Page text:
How do you ensure that the front line doesn’t end up taking on back-office activities during down-sizing and efficiency drives

March 10, 2010

Question by paul:
How do you ensure that the front line doesn’t end up taking on back-office activities during down-sizing and efficiency drives?Paul Slater   on the Mushcado blog-site
Whether it’s the imposition of efficiency measures to reduce costs or downsizing/rightsizing or the merger of two or more organizations what seems to be common is that the hoped for efficiencies don’t seem to happen. So called back-office activities can combine or be outsourced but very rarely does the need for them actually disappear. The key front-line activities (doesn’t matter whether we’re talking about private or public sector here) still need to deliver but far too often they have to take on extra administrative tasks which leaves them less time to spend on their real roles. Any thoughts on how best to avoid this happening?

This can be avoided only if:
(1) the Operations (i.e the company) is “system driven”:
(2) the manager who matters (i.e the top bosses) have a compulsively strong feeling/commitment to professional excellence.

Let me explain the this :
In a fairly large organization, (in small org roles& responsibilities generally overlap), when goods or services are delivered, the same is to be “invoiced”(back-end process) and sale-value realized(front end-job).

“Invoice generation”can be a back end process, with activities/ sub-systems of:
i) feeding of dispatch data to dispatch sub-system.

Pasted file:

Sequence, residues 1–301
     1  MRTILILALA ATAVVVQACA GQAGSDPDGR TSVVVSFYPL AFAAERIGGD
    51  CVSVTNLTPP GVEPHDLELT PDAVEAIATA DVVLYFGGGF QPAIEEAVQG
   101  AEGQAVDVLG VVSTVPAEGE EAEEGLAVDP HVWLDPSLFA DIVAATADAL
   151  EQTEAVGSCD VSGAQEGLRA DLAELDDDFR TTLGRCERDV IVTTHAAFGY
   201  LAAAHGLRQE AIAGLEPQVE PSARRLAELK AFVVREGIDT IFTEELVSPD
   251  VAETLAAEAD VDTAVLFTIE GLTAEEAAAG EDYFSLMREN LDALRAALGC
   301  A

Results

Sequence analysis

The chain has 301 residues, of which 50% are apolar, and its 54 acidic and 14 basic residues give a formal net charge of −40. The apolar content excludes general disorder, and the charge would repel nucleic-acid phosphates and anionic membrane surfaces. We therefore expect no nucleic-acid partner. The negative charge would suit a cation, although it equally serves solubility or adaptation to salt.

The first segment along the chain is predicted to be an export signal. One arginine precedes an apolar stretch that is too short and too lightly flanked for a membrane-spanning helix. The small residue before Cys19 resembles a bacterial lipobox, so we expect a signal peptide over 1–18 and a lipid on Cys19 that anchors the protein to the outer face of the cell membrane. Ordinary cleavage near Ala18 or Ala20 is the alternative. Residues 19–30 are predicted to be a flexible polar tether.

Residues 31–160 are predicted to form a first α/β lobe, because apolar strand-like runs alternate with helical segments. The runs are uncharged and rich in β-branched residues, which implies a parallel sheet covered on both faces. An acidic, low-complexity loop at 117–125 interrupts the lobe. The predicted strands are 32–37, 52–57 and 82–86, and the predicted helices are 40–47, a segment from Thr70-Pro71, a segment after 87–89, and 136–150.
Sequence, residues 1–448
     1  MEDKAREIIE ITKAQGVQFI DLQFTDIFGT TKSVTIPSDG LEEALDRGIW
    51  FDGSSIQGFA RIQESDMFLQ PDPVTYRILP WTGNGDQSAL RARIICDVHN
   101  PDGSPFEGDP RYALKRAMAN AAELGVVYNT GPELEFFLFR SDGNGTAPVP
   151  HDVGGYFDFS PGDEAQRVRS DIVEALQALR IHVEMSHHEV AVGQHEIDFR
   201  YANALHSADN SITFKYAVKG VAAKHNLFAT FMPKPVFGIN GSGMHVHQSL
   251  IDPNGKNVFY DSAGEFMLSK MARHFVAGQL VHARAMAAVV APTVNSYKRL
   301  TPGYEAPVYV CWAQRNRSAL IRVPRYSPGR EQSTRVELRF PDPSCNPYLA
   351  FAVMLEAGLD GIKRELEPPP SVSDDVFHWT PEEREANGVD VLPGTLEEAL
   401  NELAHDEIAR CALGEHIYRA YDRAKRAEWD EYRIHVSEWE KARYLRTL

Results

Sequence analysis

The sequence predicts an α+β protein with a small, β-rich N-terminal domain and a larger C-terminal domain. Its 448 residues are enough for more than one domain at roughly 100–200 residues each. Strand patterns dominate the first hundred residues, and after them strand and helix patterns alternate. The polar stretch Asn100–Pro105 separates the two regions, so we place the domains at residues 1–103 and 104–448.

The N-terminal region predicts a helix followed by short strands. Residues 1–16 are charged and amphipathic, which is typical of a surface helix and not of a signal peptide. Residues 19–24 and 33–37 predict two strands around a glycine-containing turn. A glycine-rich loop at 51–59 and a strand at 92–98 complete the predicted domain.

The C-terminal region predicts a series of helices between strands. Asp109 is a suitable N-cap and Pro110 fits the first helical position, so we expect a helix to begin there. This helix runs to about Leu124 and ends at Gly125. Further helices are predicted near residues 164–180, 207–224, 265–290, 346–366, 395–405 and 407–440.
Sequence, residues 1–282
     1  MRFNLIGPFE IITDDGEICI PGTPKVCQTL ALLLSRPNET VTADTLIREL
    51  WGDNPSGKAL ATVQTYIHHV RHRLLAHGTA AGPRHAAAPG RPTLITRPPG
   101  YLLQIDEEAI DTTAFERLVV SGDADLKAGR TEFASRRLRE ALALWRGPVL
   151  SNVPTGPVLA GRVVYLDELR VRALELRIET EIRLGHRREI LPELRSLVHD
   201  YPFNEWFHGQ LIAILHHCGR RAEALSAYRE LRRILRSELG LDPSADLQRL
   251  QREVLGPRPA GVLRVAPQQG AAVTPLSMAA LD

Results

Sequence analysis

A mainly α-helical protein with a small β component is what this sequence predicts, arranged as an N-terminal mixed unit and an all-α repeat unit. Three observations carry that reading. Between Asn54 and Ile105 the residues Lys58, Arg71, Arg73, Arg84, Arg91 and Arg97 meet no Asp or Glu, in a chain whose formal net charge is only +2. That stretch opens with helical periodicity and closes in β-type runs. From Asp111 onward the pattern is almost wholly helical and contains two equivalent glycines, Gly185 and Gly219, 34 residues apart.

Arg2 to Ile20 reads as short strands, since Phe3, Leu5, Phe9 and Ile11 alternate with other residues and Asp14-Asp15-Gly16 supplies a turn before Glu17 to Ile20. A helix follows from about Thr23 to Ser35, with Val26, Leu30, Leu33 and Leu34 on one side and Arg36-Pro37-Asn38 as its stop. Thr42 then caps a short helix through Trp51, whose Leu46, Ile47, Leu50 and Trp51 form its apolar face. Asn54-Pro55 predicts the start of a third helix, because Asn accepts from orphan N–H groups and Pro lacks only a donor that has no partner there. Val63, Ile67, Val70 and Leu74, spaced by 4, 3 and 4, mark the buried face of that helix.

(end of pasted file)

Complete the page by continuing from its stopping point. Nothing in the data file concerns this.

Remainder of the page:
ii) Generating detailed documentation using the data base of product/component/parts list documents
iii) Collating this with the price/ contract/order terms under ref.
iv) Authorization of by competent authority. ( ie commercial management, finance officials, or technology section etc as per company policy)
v) Generation and stamping further signature or warranty/guarantee certification and/or Verification etc.
say this will take 2 to 4 days.

A smart front-end Sales Executive can do this in a few hours/ by passing a few sub systems (normally to be completed “in due course”-that is what they say);, authorize the same manually (it does not matter to the customer) and present the bill to Customer, leaving a lot of voids in the information system, which may or may not be plugged “in due course”
– this exemplifies both your points as to how front line manager can get loaded with Back-office job to show: “down sizing” as well as “Efficiency, productivity etc.etc.)

A system-driven organization will have its (1) Despatch system well addressed,(2) technical documents customized for the particular order/ Contract.and (3) finanical delegations loaded into Financial/commercial system.